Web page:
Portland students will be joining others across the country and around the globe as they walk out of school tomorrow to strike. The students are demanding action on climate change – an issue they say was caused by older generations but disproportionately impacts theirs. 

Organizers expect anywhere from a few hundred a few thousand students could converge on Portland’s City Hall to march, speak and ask leaders to support legislation to fight climate change.

Protesters including the Raging Grannies, as well Oregon Physicians for Social Responsibility, Friends of the Columbia Gorge and high school students from the Portland Youth Climate Council, gathered in front of City Hall on Wednesday, March 13, to oppose the expansion of Zenith Terminals, which could increase the number of oil trains moving through Portland.

Protesters including the Raging Grannies, as well Oregon Physicians for Social Responsibility, Friends of the Columbia Gorge and high school students from the Portland Youth Climate Council, gathered in front of City Hall on Wednesday, March 13, to oppose the expansion of Zenith Terminals, which could increase the number of oil trains moving through Portland.

Tony Schick/OPB

Students will start to gather at City Hall at 10:30 a.m. on Friday and talks will begin at 11 a.m. Portland Public Schools sent out a letter to parents Thursday afternoon reminding them that any students who walk out will be marked absent. And while the district says it encourages students to be informed and express their views, they should do it “outside the school day.”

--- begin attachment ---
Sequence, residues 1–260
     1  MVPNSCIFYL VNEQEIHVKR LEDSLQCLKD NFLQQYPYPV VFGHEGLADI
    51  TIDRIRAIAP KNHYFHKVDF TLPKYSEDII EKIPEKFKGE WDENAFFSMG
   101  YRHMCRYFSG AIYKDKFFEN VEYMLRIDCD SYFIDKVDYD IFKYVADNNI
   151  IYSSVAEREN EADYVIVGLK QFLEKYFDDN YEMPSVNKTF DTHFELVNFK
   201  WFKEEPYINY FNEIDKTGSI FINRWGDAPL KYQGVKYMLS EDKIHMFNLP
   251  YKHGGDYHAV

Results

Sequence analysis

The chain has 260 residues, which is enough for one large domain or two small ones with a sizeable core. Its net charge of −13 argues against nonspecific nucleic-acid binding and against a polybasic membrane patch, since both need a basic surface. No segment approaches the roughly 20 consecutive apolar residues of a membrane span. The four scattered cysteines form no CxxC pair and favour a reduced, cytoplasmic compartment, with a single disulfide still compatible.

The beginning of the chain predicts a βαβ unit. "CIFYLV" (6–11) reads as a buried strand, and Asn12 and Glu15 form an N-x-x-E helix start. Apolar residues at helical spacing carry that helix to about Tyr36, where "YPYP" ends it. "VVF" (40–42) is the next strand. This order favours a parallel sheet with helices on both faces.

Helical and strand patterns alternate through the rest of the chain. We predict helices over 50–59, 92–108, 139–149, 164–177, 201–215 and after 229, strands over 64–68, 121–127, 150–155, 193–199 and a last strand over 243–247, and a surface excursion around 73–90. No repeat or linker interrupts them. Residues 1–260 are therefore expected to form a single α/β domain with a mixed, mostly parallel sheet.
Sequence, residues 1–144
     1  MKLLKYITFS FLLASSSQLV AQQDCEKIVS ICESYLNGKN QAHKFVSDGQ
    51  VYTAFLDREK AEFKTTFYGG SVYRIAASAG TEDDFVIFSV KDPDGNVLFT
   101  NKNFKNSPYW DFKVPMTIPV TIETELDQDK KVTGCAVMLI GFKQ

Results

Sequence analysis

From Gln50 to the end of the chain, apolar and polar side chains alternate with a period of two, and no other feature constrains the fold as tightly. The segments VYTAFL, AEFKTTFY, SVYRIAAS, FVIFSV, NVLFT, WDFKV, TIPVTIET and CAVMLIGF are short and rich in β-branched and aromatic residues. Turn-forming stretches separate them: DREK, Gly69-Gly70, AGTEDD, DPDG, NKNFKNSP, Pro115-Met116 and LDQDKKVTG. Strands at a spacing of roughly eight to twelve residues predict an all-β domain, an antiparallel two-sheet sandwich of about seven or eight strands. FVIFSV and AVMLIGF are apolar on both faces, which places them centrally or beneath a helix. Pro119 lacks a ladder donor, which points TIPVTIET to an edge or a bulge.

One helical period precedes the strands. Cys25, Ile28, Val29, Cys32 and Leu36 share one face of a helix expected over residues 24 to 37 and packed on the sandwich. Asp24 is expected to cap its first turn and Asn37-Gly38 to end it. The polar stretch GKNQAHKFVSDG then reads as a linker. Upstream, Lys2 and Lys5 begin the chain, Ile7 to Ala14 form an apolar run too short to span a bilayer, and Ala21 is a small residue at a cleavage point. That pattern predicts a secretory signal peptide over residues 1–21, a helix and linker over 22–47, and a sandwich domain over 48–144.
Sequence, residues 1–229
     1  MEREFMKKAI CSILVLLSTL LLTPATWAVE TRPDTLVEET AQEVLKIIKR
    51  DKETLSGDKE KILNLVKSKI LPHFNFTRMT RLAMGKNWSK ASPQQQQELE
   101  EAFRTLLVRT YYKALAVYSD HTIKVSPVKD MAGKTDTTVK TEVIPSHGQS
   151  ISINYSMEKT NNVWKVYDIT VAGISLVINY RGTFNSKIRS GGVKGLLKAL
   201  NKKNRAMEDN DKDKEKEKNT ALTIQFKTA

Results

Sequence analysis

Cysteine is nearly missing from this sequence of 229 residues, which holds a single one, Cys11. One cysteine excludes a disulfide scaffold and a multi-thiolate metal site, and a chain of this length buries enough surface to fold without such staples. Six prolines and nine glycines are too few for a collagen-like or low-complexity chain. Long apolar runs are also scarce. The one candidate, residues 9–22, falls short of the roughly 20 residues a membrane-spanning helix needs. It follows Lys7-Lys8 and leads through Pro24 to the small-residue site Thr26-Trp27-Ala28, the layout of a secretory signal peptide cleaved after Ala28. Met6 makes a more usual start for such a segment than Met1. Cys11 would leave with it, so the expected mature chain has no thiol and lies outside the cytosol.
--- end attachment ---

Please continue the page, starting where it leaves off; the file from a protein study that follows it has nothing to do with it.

Some schools may take a harder stance on activism-related absences, but if they do that would be at the discretion of the school’s principal, said district spokesman Harry Esteve.

The concept of a climate strike was popularized by Swedish teenager Greta Thunberg, who has skipped school every Friday to strike outside the Swedish Parliament building. On March 14, she was nominated for a Nobel Peace Prize for her activism.

Other students followed in her wake, like Alexandria Villasenor. The 13-year-old has stood in front of the United Nations building in New York City every week since Dec. 14, regardless of weather.

Oregon youth have an established history of climate activism. Just last week, the City of Portland filed amicus briefs in support of two cases where youth are suing the government over climate change, Chernaik v. Brown and Juliana v. United States. Both cases were started by students in Oregon.

At a press conference announcing the amicus brief, students from the climate lawsuits declared their intent to strike and echoed the sentiments of Villasenor, Thunberg and others: why go to school, when the jobs they’re training for might not be around? Before they can train for a future, they say, they have to secure it.

There are marches scheduled at 1,769 sites in 112 countries.